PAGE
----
Almost half of women now waiting until they are in their 30s to have children, new figures revealed today.
The figures for women in England and Wales born in 1989, released today by the Office for National Statistics, shows how marked the decline in younger mothers has been on recent decades.
The numbers were in stark contrast to their grandparents' generation, where only one in five women were still childless by the time they reached 30.
But the statistics released by the ONS today also showed that the average number of children mothers are having rose slightly, have previously hit a modern low.
Amanda Sharfman, from its Centre for Ageing and Demography, said: 'We continue to see a delay in childbearing, with nearly half of women born in 1989 remaining childless by their 30th birthday compared to 1 in 5 in their grandmother's generation.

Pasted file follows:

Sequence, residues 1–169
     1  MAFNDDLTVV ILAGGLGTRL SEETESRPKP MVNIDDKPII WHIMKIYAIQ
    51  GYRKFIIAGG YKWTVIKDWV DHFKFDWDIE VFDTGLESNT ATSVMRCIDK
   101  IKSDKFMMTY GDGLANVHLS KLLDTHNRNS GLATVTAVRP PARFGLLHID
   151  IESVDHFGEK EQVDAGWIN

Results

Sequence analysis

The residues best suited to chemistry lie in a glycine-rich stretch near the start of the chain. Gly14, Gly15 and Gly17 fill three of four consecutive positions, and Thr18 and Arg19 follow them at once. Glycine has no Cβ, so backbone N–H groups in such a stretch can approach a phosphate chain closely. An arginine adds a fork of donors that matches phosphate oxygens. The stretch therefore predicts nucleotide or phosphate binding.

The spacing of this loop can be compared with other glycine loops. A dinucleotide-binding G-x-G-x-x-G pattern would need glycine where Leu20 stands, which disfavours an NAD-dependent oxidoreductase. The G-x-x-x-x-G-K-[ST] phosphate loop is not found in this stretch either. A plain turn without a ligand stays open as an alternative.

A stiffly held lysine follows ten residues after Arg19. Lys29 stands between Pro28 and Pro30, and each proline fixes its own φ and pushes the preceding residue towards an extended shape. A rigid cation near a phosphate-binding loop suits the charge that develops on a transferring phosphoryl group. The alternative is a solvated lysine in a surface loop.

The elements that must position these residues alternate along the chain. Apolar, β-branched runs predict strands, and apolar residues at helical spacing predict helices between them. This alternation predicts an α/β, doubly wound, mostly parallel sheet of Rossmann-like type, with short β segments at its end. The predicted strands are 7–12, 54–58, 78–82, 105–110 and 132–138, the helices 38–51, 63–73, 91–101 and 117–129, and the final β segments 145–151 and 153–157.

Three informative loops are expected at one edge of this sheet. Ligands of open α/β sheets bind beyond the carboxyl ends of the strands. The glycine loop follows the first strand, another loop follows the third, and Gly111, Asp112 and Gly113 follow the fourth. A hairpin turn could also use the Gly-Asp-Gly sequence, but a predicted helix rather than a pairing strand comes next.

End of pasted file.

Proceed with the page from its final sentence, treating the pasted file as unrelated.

'The fertility patterns of women born more recently indicate this trend is likely to continue, with women born in 1995 showing lower levels of fertility in their 20s compared with previous cohorts.'
Graph showing the median number of children in each family in England and Wales over the past century
She added: 'Average completed family size has been falling since the cohort of women born in 1935 and has been below two children since the late 1950s cohorts.
'Following a low of 1.89 children for women born in the previous two years' cohorts, we see a slight rise to 1.92 for women born in 1974.'
The ONS figures showed that 49 per cent of women born in 1989 were still childless by the age of 30.
This compared to 38 per cent other mothers' generation (born in 1961) and 21 of their grandmothers' (born 1934).
The ONS also noted: 'The (average) age of mother has been increasing since the mid-1970s and reached a record high at 30.7 years in 2019.
'The most common age at childbirth for women born in 1974 who reached age 45 years in 2019 was 31 years, an increase compared with 23 years for their mothers’ generation born in 1948.'